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American Rule
Sen. Anthony Sykes (R-Moore), one of only five lawyers in the Oklahoma Senate. (NonDoc)

A widely popular bill expanding rights for child victims of sexual abuse was amended quietly in the Oklahoma Senate to eliminate an important legal tenet called the American Rule.

The amended bill passed its final three votes by a combined total of 146-2. Gov. Mary Fallin signed it last week.

Shortly thereafter, attorneys around the state began to realize the American Rule had been terminated, thus forcing the losing party in civil cases to pay the legal fees of the prevailing party. Functionally, that would disincentivize citizens — especially low-income ones — from filing lawsuits in Oklahoma courts.

The saga could dramatically change the Oklahoma legal arena if lawmakers — now aware of what they really voted on — fail to repeal 28 words of new law that they appear to have misunderstood initially.

But it also highlights a strange statistic that some in the Legislature have spoken to NonDoc about on background this year: The Oklahoma State Senate entered the 2017 session with 48 members, only five of whom are lawyers.

Everyone hates lawyers until they need them (in the Legislature)

The fact that the Senate Judiciary Committee includes five attorneys and six non-attorney members should concern, well, everyone.

We first noticed the situation Feb. 28 when SB 762 unanimously passed a committee meeting without questions or debate, despite its enormous proposed changes to the discovery rule in medical malpractice cases.

That bill stalled shortly thereafter, but its author, Sen. Anthony Sykes (R-Moore), serves as committee chairman and amended HB 1470 six weeks later to eliminate the American Rule.

Known for his prickly nature and penchant for speeding through committee hearings, Sykes is one of the Senate’s five attorneys. The others are:

If Holt is successful in his February 2018 election for mayor of Oklahoma City, the law-writing body could be left with only four lawyers — one-twelfth of its membership — for next session.

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Lose a lawsuit, pick up the tab

How might the elimination of the American Rule affect the average citizen? Let’s look at a rudimentary example.

Imagine you slip, fall and are injured at, say, a McDonald’s fast-food restaurant owing to some sort of potential negligence on behalf of the store and/or its staff.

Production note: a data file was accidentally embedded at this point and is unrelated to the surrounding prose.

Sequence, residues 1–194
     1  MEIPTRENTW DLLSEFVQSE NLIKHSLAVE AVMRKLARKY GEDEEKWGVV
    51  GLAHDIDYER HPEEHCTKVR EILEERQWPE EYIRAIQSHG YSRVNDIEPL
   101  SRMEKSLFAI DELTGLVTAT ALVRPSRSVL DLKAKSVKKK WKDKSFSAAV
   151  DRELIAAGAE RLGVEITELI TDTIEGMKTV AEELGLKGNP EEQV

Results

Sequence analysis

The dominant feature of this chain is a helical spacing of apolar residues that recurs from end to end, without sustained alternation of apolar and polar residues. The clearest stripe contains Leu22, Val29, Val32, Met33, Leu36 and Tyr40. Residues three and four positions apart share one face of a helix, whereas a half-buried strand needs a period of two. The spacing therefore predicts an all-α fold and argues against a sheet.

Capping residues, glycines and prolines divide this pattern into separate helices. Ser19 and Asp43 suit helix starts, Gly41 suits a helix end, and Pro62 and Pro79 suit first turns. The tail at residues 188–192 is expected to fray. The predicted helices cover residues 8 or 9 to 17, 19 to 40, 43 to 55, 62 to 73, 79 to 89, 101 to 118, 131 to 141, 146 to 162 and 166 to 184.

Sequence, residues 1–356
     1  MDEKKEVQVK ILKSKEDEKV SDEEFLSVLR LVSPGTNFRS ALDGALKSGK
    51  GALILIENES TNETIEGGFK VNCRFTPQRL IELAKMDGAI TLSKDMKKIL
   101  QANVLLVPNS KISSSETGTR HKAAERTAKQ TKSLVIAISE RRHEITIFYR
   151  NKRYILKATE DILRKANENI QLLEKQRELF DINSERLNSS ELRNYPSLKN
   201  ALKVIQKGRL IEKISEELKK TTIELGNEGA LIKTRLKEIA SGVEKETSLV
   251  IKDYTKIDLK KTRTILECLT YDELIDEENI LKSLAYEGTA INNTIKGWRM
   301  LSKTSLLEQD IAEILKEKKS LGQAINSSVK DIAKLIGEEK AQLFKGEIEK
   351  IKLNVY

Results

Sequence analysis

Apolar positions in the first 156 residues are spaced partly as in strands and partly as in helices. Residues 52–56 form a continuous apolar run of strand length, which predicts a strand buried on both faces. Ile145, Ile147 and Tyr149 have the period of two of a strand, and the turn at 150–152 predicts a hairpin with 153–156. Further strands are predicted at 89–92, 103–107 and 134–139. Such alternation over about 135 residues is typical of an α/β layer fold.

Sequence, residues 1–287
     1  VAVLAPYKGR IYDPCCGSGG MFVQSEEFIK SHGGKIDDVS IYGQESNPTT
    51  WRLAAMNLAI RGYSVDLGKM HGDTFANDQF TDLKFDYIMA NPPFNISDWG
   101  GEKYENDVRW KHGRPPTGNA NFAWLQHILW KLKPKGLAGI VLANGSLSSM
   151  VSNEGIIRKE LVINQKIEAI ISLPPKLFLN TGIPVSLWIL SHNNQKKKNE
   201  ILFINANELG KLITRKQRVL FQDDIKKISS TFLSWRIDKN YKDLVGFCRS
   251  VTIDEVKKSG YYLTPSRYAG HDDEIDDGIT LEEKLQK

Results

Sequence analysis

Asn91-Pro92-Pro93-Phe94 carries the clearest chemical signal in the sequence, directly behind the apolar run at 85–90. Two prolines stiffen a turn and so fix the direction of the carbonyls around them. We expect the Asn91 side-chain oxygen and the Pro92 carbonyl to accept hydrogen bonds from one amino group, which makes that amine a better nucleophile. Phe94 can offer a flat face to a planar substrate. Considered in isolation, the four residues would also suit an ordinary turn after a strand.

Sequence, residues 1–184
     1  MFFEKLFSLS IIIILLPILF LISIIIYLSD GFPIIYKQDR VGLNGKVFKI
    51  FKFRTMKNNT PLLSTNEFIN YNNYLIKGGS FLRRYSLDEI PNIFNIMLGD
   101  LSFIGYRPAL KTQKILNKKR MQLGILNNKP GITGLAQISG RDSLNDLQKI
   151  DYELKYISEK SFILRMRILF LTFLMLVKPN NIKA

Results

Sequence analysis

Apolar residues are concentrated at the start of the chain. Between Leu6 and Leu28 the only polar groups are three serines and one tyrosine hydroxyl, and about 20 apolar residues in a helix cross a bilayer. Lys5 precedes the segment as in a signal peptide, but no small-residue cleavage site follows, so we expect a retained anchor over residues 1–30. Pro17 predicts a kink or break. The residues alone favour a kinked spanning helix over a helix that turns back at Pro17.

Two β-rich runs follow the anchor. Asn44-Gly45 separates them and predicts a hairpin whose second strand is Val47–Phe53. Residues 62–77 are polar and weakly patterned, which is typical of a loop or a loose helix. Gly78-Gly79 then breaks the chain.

While traditionally your lawyer would be inclined to file your case, depose witnesses and negotiate the situation with McDonald’s lawyers, a legal landscape without the American Rule would make such action extremely dangerous for you, the victim.

If, for whatever reason, a judge granted dismissal of the lawsuit, you would be on the hook for the legal costs charged to McDonald’s by the company’s lawyers. Those could be as high as $300 per hour. Even a quick resolution to the case in McDonald’s favor could stick you, the injured party, with a $20,000 bill from the attorneys who opposed your claim.

“It’s called the American Rule for a reason. To my knowledge, there’s not a single jurisdiction in the United States that awards fees to the prevailing party in all civil cases,” said one Oklahoma attorney asked about the situation. “This would change the way that law is practiced in such a fundamental way that I don’t think anyone in this market can really predict its consequences.”

Whether level-headed lawmakers who have been alerted to this situation are able to do anything about it before the scheduled May 26 sine die remains to be seen, as does whether Oklahoma business interests would fight any rollback of HB 1470’s shocking Subsection 3 (embedded below).

But with all eyes staring at the ongoing budget drama, we hope legislators from both sides of the aisle at least give the value of the American Rule its day in court.

And we certainly hope more astute lawyers seek state Senate seats in 2018. Understanding the monumental impact of a 28-word amendment will always be important.

RELATED: HB 1470

Kevin McDugle

Rep. Kevin McDugle on sexual abuse: ‘I thought I might have been the only one’ by William W. Savage III